In 1982 and ’83 Martin was commander of detectives in Area Two. Burge’s Violent Crimes Unit was his direct responsibility. What could OPS tell him that he wasn’t in a position to know years ago?

What Happened to the Voters’ Channel?

America was supposed to see something different and historic on public television next year–coverage of the presidential elections so innovative it would amount to a change in the electoral process.

Don’t count on it. Some of the new ideas may survive in bits and pieces, but the flag under which they flew–“The Voters’ Channel”–came down this month when an alliance between the Public Broadcasting Service and the foundation sponsoring the idea fell apart.

Early June brought the first clear sign that something had gone wrong. Alvin Perlmutter, the producer overseeing the Voters’ Channel, was expected to tell the heads of public TV stations meeting in Orlando about the exciting new election coverage coming their way in 1992. He didn’t.

On July 1 the other shoe dropped. Spokesmen for PBS said the Voters’ Channel had become too costly–at least $12 million for 25 hours of programming in 1992. The John and Mary Markle Foundation had pledged $5 million, PBS $3 million; the rest would have had to be raised. PBS didn’t think there was time to find the money, hone the idea, begin creating and schedule the programming, and launch it all with the proper ballyhoo.

It’s bitter news. Political coverage by the poverty-stricken networks will probably be more wretched than ever next year. The Voters’ Channel promised to be an alluring alternative. It looked especially alluring if you believe that presidential elections have become travesties turning on fleeting images and cheesy symbols–the symbol of Willie Horton being rock bottom.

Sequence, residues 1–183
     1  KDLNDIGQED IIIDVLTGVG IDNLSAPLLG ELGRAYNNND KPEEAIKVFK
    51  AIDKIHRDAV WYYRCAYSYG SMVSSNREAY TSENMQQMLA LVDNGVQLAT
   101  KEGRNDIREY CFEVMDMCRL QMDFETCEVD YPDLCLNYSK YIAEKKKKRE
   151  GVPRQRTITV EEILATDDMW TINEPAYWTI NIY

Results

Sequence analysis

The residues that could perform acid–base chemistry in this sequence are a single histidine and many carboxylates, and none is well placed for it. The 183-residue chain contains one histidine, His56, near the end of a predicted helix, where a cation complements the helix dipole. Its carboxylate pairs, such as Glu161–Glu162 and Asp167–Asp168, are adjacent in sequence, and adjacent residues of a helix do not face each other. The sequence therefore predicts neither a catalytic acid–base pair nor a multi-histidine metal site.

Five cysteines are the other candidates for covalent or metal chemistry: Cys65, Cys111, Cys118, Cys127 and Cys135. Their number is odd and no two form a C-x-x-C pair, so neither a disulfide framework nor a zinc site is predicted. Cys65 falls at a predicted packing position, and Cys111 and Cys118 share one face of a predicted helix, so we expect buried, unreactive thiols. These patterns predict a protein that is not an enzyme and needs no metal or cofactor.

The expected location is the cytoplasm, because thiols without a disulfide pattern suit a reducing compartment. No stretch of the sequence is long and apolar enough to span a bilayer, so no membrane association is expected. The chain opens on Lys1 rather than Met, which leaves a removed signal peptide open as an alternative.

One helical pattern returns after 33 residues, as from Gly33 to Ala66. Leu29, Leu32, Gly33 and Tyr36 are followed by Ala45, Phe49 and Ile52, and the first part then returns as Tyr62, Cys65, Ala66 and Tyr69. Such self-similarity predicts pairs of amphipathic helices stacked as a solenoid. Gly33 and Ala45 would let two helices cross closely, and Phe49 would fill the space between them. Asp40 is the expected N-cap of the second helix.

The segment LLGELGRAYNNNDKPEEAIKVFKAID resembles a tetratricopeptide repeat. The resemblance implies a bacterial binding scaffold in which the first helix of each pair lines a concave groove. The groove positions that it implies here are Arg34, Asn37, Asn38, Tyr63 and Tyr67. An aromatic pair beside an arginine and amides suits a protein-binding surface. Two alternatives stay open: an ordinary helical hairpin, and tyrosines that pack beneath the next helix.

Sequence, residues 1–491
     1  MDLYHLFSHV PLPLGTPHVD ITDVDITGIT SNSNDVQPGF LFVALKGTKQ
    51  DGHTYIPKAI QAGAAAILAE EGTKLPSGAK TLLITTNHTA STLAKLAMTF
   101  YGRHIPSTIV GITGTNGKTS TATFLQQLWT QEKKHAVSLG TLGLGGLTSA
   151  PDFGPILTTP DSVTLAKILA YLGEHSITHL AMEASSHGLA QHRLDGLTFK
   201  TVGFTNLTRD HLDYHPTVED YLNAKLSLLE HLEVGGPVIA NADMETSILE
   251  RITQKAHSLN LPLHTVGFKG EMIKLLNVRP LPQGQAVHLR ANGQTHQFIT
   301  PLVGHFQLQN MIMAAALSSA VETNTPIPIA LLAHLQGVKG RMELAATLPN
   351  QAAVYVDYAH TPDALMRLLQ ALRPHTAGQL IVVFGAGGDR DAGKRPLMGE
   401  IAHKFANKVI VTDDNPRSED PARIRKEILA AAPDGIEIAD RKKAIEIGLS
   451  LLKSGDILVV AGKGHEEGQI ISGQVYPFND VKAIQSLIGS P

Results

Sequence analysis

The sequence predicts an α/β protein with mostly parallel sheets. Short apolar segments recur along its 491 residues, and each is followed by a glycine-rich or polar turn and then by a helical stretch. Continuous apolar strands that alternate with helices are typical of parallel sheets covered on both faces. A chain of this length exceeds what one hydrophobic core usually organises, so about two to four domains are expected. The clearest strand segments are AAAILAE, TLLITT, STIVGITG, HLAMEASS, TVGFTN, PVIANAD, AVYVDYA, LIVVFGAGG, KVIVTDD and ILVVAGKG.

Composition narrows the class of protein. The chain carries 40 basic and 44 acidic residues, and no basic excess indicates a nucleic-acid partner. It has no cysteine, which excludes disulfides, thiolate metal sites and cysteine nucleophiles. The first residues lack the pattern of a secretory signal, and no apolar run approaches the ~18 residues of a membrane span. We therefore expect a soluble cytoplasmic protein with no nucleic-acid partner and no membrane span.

This conviction does not lack for voices. Last year’s feasibility study of the Voters’ Channel was laced with contemptuous testimony. Arthur Schlesinger: “The rise of the electronic media has had the effect of draining content out of campaigns.” Walter Mondale: “We’ve got a kind of politics of irrelevance, of obscurantism, that is more prevalent than in any time I can recall.” David Broder: “It doesn’t have to be this way. There’s nothing about the temper of the times or the technology of our communications system that must make campaigns negative or nauseating.” Professor of government Larry Sabato: “The personality-cult politics encouraged by television is abhorrent. Candidates are unaccountable, aloof from average voters, and prone to stylistic gimmickry.”

The other view, barely represented in the study, is that the ’88 election was a fine show of democracy in action so why fix something that isn’t broken? As this presumably is what the White House thinks, we had our suspicions about the Voters’ Channel’s demise. But close sources assure us the project wasn’t sabotaged politically. The wheels came off all by themselves.

“To have this initiative collapse is a great disappointment . . . just disgraceful,” Ward Chamberlain, former president of WETA in Washington, D.C., told the Washington Post. “If public television doesn’t do that, then what the hell good is it?”

What was it about the Voters’ Channel that Chamberlain mourns? The phrase itself is a working title for a concept that originated at the Markle Foundation, which in February of 1990 commissioned Alvin H. Perlmutter, Inc., to do a study of ways in which public TV might raise “the quality of discourse” in ’92.